For centuries, Durer’s rendition was taken to be a true representation of the rhinoceros, apparently even appearing in German science textbooks as late as 1930. Do you think Durer told his audience he had never actually seen a rhino? See that text at the top of the print? It’s an inscription which among other things states, “This is an accurate representation.” Instead of being upfront possible mistakes, Durer doubled-down by explicitly telling his unsuspecting audience his image represented the truth. Was the motive for Durer’s inaccuracy mere misunderstanding, creative embellishment, or an intentional fabrication to drive up sales?
Fortunately, people don’t get fooled so easily by pictures anymore...
While we’re talking about important animal images, let’s fast forward and look at a more contemporary example. Below is a photograph of a 49 meter long giant squid that washed up on a shore in Santa Monica, California a few years ago.
Giant squids such as the one pictured above were once considered more myth, imagined by sailors and fishers, reported to be capable of dragging entire ships beneath the water with ease.
Scientists now confirm that giant squids do exist. But not because of a photo like the one above. That photo is fake. Below are the original images that were edited together to trick the viewer.
Here are two photos of an actual giant squid that washed ashore in New Zealand.
Still impressive, but this squid is probably not going to be taking down the Nautilus anytime soon. Certainly not as dramatic in comparison to the previous photo. Here at the dawn of a new type of mass media known as social media, the creator of this super-sized squid image may have suspected that a more fantastic image would be more likely to go viral. In this case they were right as it gained enough attention to be debunked by National Georgraphic, a reputable naturalist magazine.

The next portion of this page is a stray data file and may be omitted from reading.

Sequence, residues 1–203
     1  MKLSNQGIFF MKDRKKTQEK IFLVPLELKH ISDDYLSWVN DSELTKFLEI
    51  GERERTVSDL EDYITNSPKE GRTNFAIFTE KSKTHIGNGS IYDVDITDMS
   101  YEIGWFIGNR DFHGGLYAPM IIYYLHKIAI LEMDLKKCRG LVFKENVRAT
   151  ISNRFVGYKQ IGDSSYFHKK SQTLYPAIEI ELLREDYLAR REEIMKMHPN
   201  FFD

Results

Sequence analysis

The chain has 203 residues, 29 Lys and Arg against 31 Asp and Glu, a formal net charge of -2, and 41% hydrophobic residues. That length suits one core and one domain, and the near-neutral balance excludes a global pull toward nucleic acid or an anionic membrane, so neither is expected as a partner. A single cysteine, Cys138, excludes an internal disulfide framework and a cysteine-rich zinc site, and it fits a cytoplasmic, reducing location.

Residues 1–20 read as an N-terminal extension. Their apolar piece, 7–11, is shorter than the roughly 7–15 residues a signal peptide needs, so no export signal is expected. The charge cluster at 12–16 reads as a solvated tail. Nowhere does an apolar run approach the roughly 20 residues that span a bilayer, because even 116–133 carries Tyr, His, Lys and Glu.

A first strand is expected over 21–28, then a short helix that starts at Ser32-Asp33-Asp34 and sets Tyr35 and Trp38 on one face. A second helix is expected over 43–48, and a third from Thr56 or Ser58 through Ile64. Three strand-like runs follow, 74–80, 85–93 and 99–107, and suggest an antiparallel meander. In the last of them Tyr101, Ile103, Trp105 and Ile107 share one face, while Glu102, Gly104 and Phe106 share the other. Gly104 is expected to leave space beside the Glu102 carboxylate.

Would you call the person that made this image an “artist?” Why or why not? What do you think are is the motivation for the creator of a hoax image? Sometimes the 'creators of these images remain completely unknown and other times they are quickly forgotten. In some cases, the creators are able to profit from their images but that often requires denying their images are fake. Is it a desire for attention, a penchant for mischief, an enjoyment for manipulating others, a joke, guerrilla advertising, or just a quick buck? Is it harmless or harmful?
Consider these images - all hoaxes. Why do you think the creators made these hoax images? Would you consider the creators of these images “artists?” Why or why not? Are these images different from the giant squid hoax? Could any of these images have negative consequences? Do you think altering reality is an artistic goal? Would you ever create a hoax image? Why or why not?
Do you think artists have any responsibility to truth?"
Did you know that one of the first photos in history was a hoax? In the early 19th century, there was a rivalry between two pioneers, Louis Daguerre and Hippolyte Bayard. The former would eventually be called “the father of photography,” while the latter claimed to have actually invented photography. Bayard, after developing his photographic process, intended to share his discovery with the French Academy of Sciences. But Francois Arago, secretary of the academy, convinced Bayard to wait. In the meantime, Arago’s friend, Daguerre, was able to announce his own photographic process and thereby gained fame and riches. Bayard received the consolation of a small cash prize for equipment. Perhaps in anger or protest or self-pity, Bayard set up his camera and posed limp and lifelessly for a self-portrait in 1840 titled “Self Portrait as a Drowned Man.” He released the photo to the public with text claiming he had committed suicide due to his unfair treatment. It began, "The corpse which you see here is that of M. Bayard, inventor of the process that has just been shown to you."